Limits to the European Union’s Normative Power in a Post-conflict Society: EULEX and Peacebuilding in Kosovo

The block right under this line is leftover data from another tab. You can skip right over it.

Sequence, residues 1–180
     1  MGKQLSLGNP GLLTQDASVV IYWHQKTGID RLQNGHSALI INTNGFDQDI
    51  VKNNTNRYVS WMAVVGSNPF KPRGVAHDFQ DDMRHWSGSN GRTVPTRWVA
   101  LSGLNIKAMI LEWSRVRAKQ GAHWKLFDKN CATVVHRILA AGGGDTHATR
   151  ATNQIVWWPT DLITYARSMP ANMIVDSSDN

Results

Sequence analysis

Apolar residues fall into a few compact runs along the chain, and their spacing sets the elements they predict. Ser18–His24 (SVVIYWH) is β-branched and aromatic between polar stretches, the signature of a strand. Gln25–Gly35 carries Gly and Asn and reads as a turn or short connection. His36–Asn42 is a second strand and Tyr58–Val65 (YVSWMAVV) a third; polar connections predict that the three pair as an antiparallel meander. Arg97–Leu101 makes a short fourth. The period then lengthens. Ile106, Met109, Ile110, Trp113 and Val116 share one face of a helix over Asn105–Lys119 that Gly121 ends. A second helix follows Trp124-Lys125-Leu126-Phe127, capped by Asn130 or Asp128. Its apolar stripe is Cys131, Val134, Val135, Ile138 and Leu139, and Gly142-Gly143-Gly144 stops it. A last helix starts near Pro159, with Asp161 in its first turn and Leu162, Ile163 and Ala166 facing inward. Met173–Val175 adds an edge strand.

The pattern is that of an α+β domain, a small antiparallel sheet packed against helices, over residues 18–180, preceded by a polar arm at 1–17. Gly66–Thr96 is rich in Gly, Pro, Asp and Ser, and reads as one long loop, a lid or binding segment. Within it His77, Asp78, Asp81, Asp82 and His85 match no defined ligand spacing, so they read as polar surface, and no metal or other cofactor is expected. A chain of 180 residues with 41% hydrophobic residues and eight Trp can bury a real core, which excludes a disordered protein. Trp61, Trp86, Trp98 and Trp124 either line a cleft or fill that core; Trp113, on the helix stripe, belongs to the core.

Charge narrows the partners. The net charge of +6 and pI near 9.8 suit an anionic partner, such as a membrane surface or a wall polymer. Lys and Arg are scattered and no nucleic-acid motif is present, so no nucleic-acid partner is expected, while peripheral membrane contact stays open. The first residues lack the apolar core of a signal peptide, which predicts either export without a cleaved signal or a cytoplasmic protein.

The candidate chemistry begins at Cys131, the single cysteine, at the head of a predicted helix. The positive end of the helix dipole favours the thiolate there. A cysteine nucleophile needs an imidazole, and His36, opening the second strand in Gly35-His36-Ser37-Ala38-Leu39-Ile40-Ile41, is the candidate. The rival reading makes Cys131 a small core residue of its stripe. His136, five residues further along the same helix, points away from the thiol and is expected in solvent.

By shedding light on EULEX - the EU mission to Kosovo – this open access book investigates the EU’s peacebuilding activities in that country, in the light of the normative power theory in the post-conflict setting and peacebuilding theory. Ten years after the massive engagement of the EU in the country torn by war, the authors critically assess the effects of the EU projecting its normative power – the enforcement of its standards, ‘good’ or ‘bad’ – through the EULEX mission, taking into consideration also the local aspects, so far neglected in this field of research. Inspecting thoroughly the EULEX activities in the police, customs and judiciary sector, the authors reveal that the mission can contribute to a positive change, but only in those cases which do not request a heavy political involvement and broad leverage by other international players (for example in improving standards of work in police and customs). When it comes to the most serious cases of organized crime, corruption and war crimes, EULEX, however, has not been able to address them effectively due to several internal mission’s deficiencies and external factors; the perceived ineffectiveness of EULEX among the local population led to the lowering of trust not only in this CSDP mission, but also in the EU in general. This open access book offers a comprehensive assessment of the EULEX mission, based on two Horizon2020 research projects: IECEU - Improving the Effectiveness of Capabilities in EU Conflict Prevention, and KOSNORTH – The European Union and its Normative Power in a Post-conflict Society: A Case Study of Northern Kosovo (Marie Sklodowska-Curie Individual Fellowship). As such it is an invaluable resource for scholars, students and policymakers interested in security questions in South Eastern Europe and EU external action.